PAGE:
If you are a City of Toronto approved utility company and want to undertake any
construction work within the public right of way, you will require a permit prior to starting work.

The City has a dedicated Utility Cut Permit group under the Permits and Enforcement section to review and issue the permits related to the utility works within the City’s Right of Way.

Who can apply for a Permit?

These permits are issued to pre-approved public utility companies when work is required in the City’s Right of Way. Members of the Toronto Public Utility Coordination Committee (TPUCC) such as Enbridge, Rogers, Bell, Toronto Hydro, Telus, etc. are pre-approved utility clients. Utility maintenance work for Toronto Water and TTC are also considered as utility clients. All utility companies must have a pre-approved client code set up through the Utility Cut Permit group for the permit and billing process. New clients that require a new client code setup must complete the following application.

Companies who do not fall under the above utility definition can obtain a Right of Way Construction Permit.


Submitting an Application

In our continuing efforts to be green and environment friendly, the Utility Cut Permit group has been paperless since 2017. All applications, drawings, permits and correspondence will be processed via email.

Emergency and Short Stream Application – For emergency and short stream application, a pdf application must be completed, signed and emailed to utcuts@toronto.ca.

Full Stream Application – For full stream application, a pdf application must be completed, signed and emailed to fsutcuts@toronto.ca along with the pdf drawing and no-conflict mark-ups from the other TPUCC members. Any notification, justification and concurrence provided to the resident/business must be submitted along with the application.

There are generally four types of permits issued from the Utility Cut Permit group.

Emergency Permit – In general, work to be submitted through the emergency application stream includes work requiring a new excavation and be limited to the repairs or actions required in response to a failure of, or damage to, existing plant that results in, or has the potential to result in, danger to the public, a loss of an essential service, and/or damage to infrastructure or other utility plant. These works are generally done within two days.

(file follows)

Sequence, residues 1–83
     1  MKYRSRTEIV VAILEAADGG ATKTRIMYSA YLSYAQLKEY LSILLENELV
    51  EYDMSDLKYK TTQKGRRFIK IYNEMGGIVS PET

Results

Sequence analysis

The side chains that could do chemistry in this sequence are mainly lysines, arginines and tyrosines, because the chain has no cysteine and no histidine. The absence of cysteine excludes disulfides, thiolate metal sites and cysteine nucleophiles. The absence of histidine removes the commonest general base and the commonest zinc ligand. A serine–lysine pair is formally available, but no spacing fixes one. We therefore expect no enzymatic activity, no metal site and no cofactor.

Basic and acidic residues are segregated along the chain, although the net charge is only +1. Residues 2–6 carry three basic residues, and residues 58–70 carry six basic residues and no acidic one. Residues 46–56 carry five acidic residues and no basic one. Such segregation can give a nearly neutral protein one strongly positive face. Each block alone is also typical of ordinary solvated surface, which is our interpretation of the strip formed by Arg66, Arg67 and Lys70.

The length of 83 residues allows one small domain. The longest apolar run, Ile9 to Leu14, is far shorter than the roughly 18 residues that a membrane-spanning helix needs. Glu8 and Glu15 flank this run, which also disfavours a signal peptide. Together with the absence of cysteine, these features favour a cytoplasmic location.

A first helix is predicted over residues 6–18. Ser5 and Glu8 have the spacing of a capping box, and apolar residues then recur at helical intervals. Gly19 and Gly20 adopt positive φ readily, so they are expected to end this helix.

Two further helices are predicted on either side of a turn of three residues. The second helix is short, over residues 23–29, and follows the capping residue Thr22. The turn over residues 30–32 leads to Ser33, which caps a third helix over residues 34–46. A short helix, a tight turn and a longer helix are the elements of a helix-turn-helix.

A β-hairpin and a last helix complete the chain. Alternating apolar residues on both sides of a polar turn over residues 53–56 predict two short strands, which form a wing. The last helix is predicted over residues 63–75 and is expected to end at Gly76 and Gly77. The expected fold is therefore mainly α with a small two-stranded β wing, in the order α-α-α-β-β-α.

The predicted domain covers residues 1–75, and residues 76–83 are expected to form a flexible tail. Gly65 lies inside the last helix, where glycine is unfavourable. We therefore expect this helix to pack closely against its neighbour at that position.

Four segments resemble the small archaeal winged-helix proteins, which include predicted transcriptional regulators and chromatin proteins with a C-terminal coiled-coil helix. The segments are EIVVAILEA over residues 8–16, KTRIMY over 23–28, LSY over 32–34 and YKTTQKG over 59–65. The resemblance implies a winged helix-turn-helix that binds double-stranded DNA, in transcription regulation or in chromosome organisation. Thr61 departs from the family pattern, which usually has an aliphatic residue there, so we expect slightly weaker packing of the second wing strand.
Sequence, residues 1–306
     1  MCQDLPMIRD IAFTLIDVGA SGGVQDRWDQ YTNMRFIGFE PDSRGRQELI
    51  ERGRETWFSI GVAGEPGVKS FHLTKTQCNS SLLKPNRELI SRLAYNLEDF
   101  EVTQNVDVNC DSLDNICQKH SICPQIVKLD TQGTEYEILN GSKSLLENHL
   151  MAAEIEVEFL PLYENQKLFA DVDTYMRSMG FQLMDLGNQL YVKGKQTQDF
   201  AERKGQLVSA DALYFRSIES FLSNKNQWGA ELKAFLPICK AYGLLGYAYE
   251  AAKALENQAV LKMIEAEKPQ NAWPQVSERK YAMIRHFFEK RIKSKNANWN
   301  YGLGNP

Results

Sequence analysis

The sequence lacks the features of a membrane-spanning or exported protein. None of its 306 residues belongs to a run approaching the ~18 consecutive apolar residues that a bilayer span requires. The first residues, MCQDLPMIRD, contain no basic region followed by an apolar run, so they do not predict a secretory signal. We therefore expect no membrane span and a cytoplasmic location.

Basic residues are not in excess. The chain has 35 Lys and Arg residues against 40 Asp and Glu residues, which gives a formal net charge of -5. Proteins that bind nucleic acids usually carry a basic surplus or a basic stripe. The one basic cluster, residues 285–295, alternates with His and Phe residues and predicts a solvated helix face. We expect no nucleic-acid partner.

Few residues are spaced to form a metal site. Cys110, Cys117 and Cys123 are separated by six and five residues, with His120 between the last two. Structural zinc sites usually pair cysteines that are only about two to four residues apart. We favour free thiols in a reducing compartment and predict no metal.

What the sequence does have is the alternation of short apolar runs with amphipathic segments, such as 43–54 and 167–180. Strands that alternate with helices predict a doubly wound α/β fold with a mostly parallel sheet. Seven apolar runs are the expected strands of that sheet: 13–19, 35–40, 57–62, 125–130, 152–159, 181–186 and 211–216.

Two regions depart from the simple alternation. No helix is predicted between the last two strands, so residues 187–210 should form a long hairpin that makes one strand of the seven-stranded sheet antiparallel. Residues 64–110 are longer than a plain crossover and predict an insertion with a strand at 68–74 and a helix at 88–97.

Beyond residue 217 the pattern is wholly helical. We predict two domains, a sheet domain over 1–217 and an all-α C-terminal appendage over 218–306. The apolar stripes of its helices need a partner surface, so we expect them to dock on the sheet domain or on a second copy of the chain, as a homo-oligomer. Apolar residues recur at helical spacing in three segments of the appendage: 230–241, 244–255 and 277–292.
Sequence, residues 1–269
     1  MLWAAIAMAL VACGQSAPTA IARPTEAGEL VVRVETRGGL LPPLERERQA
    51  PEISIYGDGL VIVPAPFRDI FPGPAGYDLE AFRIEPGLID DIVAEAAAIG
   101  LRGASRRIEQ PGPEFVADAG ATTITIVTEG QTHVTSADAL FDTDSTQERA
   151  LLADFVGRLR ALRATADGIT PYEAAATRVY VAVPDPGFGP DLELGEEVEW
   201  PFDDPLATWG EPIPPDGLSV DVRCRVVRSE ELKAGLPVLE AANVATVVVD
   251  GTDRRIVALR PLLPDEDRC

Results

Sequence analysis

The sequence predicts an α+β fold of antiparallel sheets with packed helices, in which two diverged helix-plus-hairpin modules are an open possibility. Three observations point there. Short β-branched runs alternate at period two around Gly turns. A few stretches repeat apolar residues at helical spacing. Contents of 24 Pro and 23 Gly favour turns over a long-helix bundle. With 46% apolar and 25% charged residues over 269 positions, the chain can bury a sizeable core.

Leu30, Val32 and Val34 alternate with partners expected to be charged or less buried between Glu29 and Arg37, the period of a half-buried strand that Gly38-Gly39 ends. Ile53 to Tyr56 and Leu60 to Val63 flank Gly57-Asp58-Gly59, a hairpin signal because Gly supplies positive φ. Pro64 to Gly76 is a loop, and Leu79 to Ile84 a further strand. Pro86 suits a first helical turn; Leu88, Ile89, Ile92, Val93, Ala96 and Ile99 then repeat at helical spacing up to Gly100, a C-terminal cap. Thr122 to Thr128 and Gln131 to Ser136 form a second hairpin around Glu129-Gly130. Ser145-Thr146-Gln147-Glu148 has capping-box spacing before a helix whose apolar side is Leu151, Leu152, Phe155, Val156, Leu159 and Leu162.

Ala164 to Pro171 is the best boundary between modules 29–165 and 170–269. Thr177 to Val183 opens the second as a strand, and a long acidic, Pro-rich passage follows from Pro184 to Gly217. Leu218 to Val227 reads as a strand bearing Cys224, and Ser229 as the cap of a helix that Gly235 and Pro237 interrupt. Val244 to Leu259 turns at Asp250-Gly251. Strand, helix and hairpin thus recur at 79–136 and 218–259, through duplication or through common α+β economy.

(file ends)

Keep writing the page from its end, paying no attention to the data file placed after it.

Short Stream – In general, work to be submitted through the short-stream application stream includes boreholes, service drops, replacement of existing infrastructure, replacement of a pole, installation or relocation of anchoring and guy wires for pole, replacement of frame and cover for existing underground structure such as manhole, replacement of casing for above ground boxes/pedestals, road crossings from existing plant to existing plant, etc. These works are generally localized maintenance and repair works.

Full Stream – In general, work to be submitted through the full-stream application stream includes construction of new underground or surface infrastructure involving the relocation, removal or alteration of adjacent infrastructure, and any work not classified as emergency or short-stream. These works involves large scale construction activities and may require multiple weeks to finish the work.

Utility Site Servicing Permits – In general, any work that does not require a surface cut or excavation needs a utility site servicing permit to occupy the Right of Way. Site servicing permit includes overhead/aerial cables installation/maintenance, accessing maintenance holes, traffic lights maintenance, flushing water/sewer pipes, maintaining media screens, materials storage, etc. Generally a blanket annual permit issued to the utility company for their site servicing activities. A site servicing permit application can be downloaded from here.

Emergency and Short Stream – These permits are reviewed and issued by the Utility Cut Permit group. Work proposed on a moratorium road may be refused. Utilities and/or their vendors are required to follow the conditions of the permit such as coordinating with the work zone coordinator, notify the affected resident/business and submit RoDARS etc.

Full Stream – These permits are reviewed by the Utility Review group under the Permits and Enforcement section of Transportation Services. Once the proposed work has been satisfactorily reviewed and accepted, a permit will be issued by the Utility Cut Permit group. Utilities and their vendors are required to follow the conditions of the permit such as coordinating with the City’s Work Zone Coordinator and the Utilities Inspector, notify the affected resident/business and submit RoDARS etc.

All utility cut permit applications are subject to a fee that depend on type of permit application. All fees are subject to an annual inflationary increase based on the City’s User Fee Policy Toronto Municipal Code Chapter 441, Fees and Charges and can change without prior notice

Fee Description Fee Basis Fee
Short Stream/Emergency Permit Per Permit $269.08 (including HST)
Full Stream – Utility Review and Inspection Per Application (for excavation up to 1 km) $1,445.21 (including HST)

Utility companies are responsible to conduct the permanent repairs for any cuts done by them on the sidewalk and the road surface. The repairs need to be done according to the City’s standards (TS 4.60, TS 4.70 and MCR). Utility companies will also be responsible for a 2 years warranty for any permanent repairs from the completion date of the permanent repairs. Utility companies are also responsible to restore the sods damaged due to the construction activities on the boulevard (TS 5.0).

The construction Inspection and Maintenance group oversees this permanent restoration activities.